Peggy is a quarter god who just wants to be left alone to drink and sing karaoke. Aster has dreamed of being a hero their whole life and isn’t going to let Peggy’s shitty attitude stop them. Together, they’ll become Pacific’s City most competent defenders.
They had left Naomi sitting on her new leather couch, bitterly weeping, with a promise to get things sorted. A promise to try to get things sorted.
Naomi Wallace wasn’t home. Aster called Maria on the payphone at the corner, and after a few super fun minutes where Mario would write something down and then Maria would read it over the phone only for Aster to come back with a brand new question, they eventually figured out that as long as Naomi’s schedule hadn’t changed drastically since the breakup she’d be home in an hour. Thankfully, Yellow SUBmarine was across the street.
Sitting on a barstool, watching Aster clean up the rest of the glass and absently pulling her long hair into a braid, a part of Peggy longed to be able to go back to the day she had originally planned. A very small part. A surprisingly small part, if she let herself think about it for too long. Which she didn’t, because most of her was trying to work the problem in front of her.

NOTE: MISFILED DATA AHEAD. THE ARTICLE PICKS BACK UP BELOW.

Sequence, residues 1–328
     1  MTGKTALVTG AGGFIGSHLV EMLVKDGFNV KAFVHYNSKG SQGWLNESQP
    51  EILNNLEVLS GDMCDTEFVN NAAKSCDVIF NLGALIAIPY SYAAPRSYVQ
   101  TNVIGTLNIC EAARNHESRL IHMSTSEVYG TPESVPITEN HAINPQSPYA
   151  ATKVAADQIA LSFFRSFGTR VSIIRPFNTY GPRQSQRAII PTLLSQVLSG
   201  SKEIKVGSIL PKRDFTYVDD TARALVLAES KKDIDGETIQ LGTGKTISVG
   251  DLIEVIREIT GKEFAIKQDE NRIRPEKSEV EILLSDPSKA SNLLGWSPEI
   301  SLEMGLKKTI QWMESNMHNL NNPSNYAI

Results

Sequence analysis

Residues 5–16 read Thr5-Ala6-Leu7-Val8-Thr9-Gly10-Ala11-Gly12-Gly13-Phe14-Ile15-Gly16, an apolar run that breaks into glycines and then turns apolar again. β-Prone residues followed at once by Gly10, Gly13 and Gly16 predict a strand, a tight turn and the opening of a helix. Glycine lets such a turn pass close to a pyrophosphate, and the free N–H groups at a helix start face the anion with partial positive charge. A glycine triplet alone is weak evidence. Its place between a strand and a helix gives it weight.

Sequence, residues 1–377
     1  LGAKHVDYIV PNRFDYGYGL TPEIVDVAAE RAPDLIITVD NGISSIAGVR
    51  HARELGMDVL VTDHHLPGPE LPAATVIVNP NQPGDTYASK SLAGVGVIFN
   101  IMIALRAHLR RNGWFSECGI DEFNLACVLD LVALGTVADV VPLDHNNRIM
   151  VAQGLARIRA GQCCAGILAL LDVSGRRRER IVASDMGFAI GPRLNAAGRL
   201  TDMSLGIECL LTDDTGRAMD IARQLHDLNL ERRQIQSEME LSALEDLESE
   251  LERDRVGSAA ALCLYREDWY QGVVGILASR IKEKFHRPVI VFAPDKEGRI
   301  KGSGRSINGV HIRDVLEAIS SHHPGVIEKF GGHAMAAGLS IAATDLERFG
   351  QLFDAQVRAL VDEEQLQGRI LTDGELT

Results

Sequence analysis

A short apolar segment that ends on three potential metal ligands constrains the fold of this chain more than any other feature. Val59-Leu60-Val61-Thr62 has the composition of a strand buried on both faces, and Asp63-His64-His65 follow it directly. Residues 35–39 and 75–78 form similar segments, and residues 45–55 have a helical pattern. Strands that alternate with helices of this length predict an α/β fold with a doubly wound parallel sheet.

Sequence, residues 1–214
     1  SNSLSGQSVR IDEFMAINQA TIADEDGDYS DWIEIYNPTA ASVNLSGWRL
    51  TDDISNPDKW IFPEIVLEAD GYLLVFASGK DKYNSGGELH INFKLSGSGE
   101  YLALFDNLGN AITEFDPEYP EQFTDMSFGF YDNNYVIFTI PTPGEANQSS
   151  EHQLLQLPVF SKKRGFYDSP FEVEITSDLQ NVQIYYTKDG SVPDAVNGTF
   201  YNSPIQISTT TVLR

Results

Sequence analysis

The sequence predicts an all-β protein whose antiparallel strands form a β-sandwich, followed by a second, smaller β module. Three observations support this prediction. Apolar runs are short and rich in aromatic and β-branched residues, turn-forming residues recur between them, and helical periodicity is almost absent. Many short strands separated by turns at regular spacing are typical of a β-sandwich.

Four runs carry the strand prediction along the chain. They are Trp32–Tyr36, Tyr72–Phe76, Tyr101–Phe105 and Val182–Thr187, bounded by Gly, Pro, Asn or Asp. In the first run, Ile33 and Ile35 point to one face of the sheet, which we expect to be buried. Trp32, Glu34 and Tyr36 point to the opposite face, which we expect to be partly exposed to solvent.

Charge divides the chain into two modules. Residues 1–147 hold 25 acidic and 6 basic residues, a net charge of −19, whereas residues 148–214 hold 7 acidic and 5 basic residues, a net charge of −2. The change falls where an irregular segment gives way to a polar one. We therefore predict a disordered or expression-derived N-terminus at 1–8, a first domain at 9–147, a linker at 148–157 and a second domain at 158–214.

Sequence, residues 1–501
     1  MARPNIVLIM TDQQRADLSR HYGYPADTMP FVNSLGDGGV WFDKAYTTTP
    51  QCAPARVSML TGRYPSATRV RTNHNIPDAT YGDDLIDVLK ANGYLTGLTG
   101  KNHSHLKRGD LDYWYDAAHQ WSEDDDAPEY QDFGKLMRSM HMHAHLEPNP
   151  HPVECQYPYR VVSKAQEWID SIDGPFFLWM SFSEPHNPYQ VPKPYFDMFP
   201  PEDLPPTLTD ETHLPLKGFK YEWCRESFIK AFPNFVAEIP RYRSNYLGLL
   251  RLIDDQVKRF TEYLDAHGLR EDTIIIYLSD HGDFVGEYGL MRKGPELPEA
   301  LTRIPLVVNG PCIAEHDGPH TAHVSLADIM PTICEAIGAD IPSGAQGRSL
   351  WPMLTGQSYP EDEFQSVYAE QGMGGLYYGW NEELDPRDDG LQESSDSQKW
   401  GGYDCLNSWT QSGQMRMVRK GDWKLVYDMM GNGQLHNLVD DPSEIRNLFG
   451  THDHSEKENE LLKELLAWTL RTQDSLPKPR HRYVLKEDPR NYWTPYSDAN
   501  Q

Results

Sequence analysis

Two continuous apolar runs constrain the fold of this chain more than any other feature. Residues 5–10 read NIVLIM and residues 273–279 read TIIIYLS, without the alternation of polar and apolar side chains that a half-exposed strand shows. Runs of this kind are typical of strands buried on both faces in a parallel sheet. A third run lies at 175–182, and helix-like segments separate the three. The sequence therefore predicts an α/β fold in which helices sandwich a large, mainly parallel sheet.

Peggy was having a very nice dream where she was on a beach and that one actor whose name she could never remember but she never forgot his face, he was shirtless and he kept bringing her fresh glasses of Mai Tai, and it kept feeling like it might change to a sexy dream any second but even if it didn’t the Mai Tais were killer. And then her fucking phone started ringing.
Peggy watched Aster cross the parking lot toward the front door of the Thorny Crown and thought, well, at least they’ll blend in. As soon as they had gotten inside Peggy walked around the parking lot, cutting across the last bit to get to the back of the bar.
She only went back to Dinah’s the next night because she knew Aster wasn’t supposed to be working, so of course Aster was standing directly in front of her before the door could even close.
Aster led them through the kitchen and to the back hall. At the end was a door Peggy had never been through before, and behind that was a flight of stairs Peggy didn’t even know existed. At the top was two doors, and Aster opened the one on the right.
Pacific City By the time Peggy got to Dinah’s, the men’s choir from the nearby college had finished their rehearsal and filled the place up. She slipped past tables of young dudes in polo shirts and various stages of figuring out their sexuality poring over the song list to get to the bar. On stage,Continue reading “Superstition: Pacific City”
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